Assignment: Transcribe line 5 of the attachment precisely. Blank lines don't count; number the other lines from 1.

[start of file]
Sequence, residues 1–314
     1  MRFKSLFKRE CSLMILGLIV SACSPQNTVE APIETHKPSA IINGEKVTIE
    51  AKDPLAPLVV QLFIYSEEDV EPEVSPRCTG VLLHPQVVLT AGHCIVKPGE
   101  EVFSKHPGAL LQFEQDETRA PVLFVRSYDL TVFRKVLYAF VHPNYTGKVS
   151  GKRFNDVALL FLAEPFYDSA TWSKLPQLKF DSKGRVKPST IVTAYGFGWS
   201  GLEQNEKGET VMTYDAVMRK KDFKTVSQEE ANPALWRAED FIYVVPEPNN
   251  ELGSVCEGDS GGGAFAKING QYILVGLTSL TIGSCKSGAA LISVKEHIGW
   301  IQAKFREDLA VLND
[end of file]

   151  GKRFNDVALL FLAEPFYDSA TWSKLPQLKF DSKGRVKPST IVTAYGFGWS